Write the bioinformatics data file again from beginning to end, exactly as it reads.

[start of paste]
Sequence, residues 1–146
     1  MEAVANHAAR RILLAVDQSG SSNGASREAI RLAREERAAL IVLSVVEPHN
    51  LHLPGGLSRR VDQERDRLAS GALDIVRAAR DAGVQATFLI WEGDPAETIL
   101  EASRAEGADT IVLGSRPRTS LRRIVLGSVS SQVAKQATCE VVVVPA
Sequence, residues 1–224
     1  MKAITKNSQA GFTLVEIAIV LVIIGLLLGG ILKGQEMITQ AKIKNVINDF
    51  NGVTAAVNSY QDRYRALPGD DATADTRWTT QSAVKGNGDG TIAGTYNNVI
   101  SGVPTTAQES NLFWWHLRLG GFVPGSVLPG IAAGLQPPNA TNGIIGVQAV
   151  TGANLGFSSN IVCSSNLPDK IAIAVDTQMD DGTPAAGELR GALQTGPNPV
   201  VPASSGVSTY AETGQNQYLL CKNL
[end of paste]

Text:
Sequence, residues 1–146
     1  MEAVANHAAR RILLAVDQSG SSNGASREAI RLAREERAAL IVLSVVEPHN
    51  LHLPGGLSRR VDQERDRLAS GALDIVRAAR DAGVQATFLI WEGDPAETIL
   101  EASRAEGADT IVLGSRPRTS LRRIVLGSVS SQVAKQATCE VVVVPA
Sequence, residues 1–224
     1  MKAITKNSQA GFTLVEIAIV LVIIGLLLGG ILKGQEMITQ AKIKNVINDF
    51  NGVTAAVNSY QDRYRALPGD DATADTRWTT QSAVKGNGDG TIAGTYNNVI
   101  SGVPTTAQES NLFWWHLRLG GFVPGSVLPG IAAGLQPPNA TNGIIGVQAV
   151  TGANLGFSSN IVCSSNLPDK IAIAVDTQMD DGTPAAGELR GALQTGPNPV
   201  VPASSGVSTY AETGQNQYLL CKNL